Strawmanning & refusing Istanbul Convention

The Senate of the Czech Republic voted narrowly not to ratify the Istanbul Convention on preventing and combating violence against women and domestic violence. Only 34 of the 71 senators present voted in favour of ratification, which was not enough to achieve the required majority of 36 votes.

The failure to ratify the Convention is disappointing for victims of domestic violence in the Czech Republic, who will thus lose the tools for their protection that the international document provides. The majority of European countries have already ratified the Istanbul Convention, and the Czech Republic finds itself in a minority of countries that reject it.

Some senators and critics of the Convention have argued that Czech law already provides sufficient protection for victims of domestic violence and that ratification of the Convention would threaten the “traditional family” and allow “gender ideology” to enter schools. But the arguments against the Convention are not supported by real evidence – the Convention does not threaten the Catholic based “traditional family” in any way and the term “gender ideology” is a straw man. The Convention seeks to provide protection for people in relationships where violence occurs by introducing preventive measures, legal protection for victims and sanctions for perpetrators. Its aim is not to promote any ideology, but to provide assistance to people at risk of domestic violence.

Filip Titlbach, journalist, author and podcaster on Threads:
“What was said in the Senate:
– “we are trying to overcome the will of nature”
– “there will be an obligation to deceive children”
– “the convention says the traditional family is the enemy”
– “it will be taught that men can give birth”
– “the convention is a poisoned apple”
Hoaxes, misinformation and myths have won the day. And it is an international disgrace.”

Martin Dvořák, Minister for European Affairs, wrote on Twitter:
“Unfortunately, the Istanbul Convention did not pass the Senate. I am sorry that the Istanbul Convention has become a bogeyman for “traditional” Czech families and despite the great efforts of the Convention’s supporters, the rudder has not been turned back. It is an international disgrace. I am really angry and sorry because we are sending a very bad signal to women and girls that we do not consider it necessary to protect victims of domestic violence.”

Ratification of the Convention would symbolize that the Czech state does not accept violence against women and families – violence in Czech households is a serious problem. According to statistics, approximately one in three women and one in 14 men in the Czech Republic experience domestic violence. IKEA research shows that up to 84% of respondents think that more attention should be paid to the issue of domestic violence. At the same time, more than half of the respondents know or at least believe that they have someone in their neighbourhood who has or has had an experience of psychological or physical domestic violence.

And these statistics are just the tip of the iceberg…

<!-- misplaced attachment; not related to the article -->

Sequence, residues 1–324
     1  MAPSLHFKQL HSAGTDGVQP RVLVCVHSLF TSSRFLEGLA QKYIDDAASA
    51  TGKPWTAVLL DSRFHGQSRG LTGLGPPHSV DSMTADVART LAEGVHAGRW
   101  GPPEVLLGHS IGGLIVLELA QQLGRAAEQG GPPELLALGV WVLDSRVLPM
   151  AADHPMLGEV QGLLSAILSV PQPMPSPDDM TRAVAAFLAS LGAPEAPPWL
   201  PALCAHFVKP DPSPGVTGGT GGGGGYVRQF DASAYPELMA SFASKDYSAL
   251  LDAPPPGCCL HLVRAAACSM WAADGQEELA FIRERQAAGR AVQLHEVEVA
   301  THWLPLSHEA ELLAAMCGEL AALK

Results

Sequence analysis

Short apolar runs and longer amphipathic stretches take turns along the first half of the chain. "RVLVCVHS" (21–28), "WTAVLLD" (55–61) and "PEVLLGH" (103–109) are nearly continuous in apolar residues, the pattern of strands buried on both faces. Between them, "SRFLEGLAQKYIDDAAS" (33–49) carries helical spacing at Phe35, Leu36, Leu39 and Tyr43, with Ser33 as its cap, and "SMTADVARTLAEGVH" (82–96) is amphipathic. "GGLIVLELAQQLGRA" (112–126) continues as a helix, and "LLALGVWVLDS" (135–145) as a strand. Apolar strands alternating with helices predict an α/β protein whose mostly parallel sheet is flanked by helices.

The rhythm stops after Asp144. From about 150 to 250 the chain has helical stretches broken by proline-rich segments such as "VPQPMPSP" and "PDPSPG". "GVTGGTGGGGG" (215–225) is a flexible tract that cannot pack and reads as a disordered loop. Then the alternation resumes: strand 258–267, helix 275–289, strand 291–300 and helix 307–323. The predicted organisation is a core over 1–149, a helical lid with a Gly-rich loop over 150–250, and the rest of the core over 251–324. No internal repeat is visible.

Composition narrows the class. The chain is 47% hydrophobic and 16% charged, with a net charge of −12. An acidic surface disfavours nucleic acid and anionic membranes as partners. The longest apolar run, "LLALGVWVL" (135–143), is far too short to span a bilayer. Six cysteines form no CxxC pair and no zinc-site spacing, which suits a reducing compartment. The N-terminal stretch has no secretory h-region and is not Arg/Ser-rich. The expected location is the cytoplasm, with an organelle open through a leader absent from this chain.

“Only about eight percent of victims of domestic violence contact the police,” said Branislava Marvánová Vargová from the ROSA centre, which provides comprehensive assistance to women victims of domestic violence.

“I went to the calendar to check that we are really living in 2024 and not in the Middle Ages. Thank you to all the senators and representatives who supported the ratification of the Convention on preventing and combating violence against women and domestic violence today.
Unfortunately, the rest have made it clear that they are not interested in combating domestic and sexual violence or in helping victims. I believe that the citizens will make it clear to them in the autumn elections that this issue is important to them. We will continue to fight to put the ideas of the Convention into practice,” said Ivan Bartoš, Deputy Prime Minister for Digitalization and Minister for Regional Development of the Czech Republic.

Deputy Prime Minister Ivan Bartoš on Twitter

Hopefully this situation will change in the future, and we will overcome the backward approach of conservatives and the Catholic Church playing (not only) “gender ideology” false card –
“all efforts to prevent and combat violence against women and domestic violence must be welcomed on principle, but must not be done at the expense of obscuring and challenging the natural order. In recent years there have been attempts, along with addressing the problem of violence against women, to establish a new view of the role of man, which is incompatible with the natural law, common sense and Christian experience” (Joint letter of the Bishops of the Czech and Moravian dioceses on the approval of the so-called Istanbul Convention) –
– and the Czech Republic will join the countries that have already ratified the Convention.


Member of Guerrilla Skepticism on Wikipedia & Czech Skeptics' Club Sisyfos, founding member of the Meaning of (Skeptical) Life podcast, secular humanist. Father of one new man. Television post-production by profession. And he is on BigPharma and Soros payroll.